A Sad Statesman |

At UN, Netanyahu Spoke to a World That Refused to Listen

Whether credible or not, the Israeli military threat made a major comeback in New York on Tuesday.

Ari Shavit
Ari Shavit
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Ari Shavit
Ari Shavit

Prime Minister Benjamin Netanyahu’s speech to the UN General Assembly Tuesday night very different from his previous ones: It lacked reproach, gimmicks and thrills. The arguments were factual and germane. Passion was kept at bay. It was clear that the Israeli statesman speaking to a thinly populated hall in New York, and to an anemic American public opinion, was a sad statesman. Once again, Bibi was telling the truth. Once again Bibi was analyzing the strategic situation precisely. But this time even he didn’t believe that someone would listen to him. He didn’t even try to score an emotional goal and conquer the audience. In almost morosely quiet tones he said what he had to say to a world that refused to listen.

Netanyahu arrived very late to the United Nations - after Iranian President Hassan Rohani defined the arena, after the international community chose to believe Rohani, after the United States sank deeply into domestic crisis. Netanyahu arrived in the United States very late. After America had begun treating Israel like an old-fashioned Taiwan that was heaping obstacles in the way of the romance heating up with a rising Eastern power. And so Netanyahu was such a different Netanyahu than the Netanyahu of the past. After the will-he-attack/won’t-he-attack drama seemed to have dissipated, he is not being taken seriously. After the smiling Rohani stole the show from him, Netanyahu is yesterday’s news. Even his Republican friends are preoccupied with matters decidedly un-Churchillian. Not to mention his Democratic adversaries. Not to mention the Europeans, the Russians and the Chinese. Only the Sunni Arabs are left on the side of the Israeli prime minister. Only those pro-American neighbors who despair of America are full partners to Bibi’s existential anxiety over Iran.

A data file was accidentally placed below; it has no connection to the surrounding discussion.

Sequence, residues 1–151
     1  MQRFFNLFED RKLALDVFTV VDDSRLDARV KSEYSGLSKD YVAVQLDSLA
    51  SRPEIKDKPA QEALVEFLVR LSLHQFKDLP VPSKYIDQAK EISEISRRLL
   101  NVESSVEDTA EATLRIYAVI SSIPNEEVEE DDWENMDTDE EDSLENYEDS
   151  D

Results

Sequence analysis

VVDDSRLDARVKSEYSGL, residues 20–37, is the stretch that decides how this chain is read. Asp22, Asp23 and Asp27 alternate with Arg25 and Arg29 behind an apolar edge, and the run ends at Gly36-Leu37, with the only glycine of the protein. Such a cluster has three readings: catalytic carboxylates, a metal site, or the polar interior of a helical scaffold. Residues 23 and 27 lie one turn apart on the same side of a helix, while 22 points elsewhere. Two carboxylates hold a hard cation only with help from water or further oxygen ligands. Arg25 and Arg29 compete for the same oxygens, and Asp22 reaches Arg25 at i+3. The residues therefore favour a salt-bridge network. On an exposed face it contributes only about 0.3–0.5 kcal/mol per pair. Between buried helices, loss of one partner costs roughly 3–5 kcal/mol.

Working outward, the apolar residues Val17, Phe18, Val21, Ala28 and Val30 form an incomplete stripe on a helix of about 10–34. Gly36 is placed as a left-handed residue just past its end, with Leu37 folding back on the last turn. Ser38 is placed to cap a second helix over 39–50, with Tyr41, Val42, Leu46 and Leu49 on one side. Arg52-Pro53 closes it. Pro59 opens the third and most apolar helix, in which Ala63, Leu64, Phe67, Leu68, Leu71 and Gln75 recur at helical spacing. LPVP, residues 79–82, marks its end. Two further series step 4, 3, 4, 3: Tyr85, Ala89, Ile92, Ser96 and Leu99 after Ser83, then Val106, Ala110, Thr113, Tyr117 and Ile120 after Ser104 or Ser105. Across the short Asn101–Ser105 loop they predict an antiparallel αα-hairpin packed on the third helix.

Make no mistake: Beneath Netanyahu’s undramatic speech hides great drama. The plot is not fading, it is thickening. What Netanyahu said yesterday is that it’s all or nothing. Either a major deal with the Iranians, or an Israeli action. There will be no partial deal, Israel’s prime minister said. Either sanctions or us. Either the international community pushes Iran to the wall, or Israel will strike. Whether credible or not, the Israeli military threat made a major comeback in New York on Tuesday. The Iranian season has returned.

There were three chilling moments in Netanyahu’s speech. The moment the speaker described his grandfather, beaten senseless by European anti-Semites; the moment the speaker made clear that if Israel is forced to stand alone, it will stand alone; and the moment the speaker quoted the prophet Amos. For a change, the high point of Bibi’s speech was in fact its Hebrew point. If the ancient people living in Iran have any sort of doubt about it, they should carefully read the ancient words of the leader of an ancient people living in Zion: “And I will plant them upon their soil never to be uprooted again.” The people of Israel have come home never to be uprooted again, Netanyahu said – and he meant every word. All or nothing, he said. All or nothing.

Prime Minister Benjamin Netanyahu addresses the UN General Assembly, Oct. 1, 2013.Credit: Reuters

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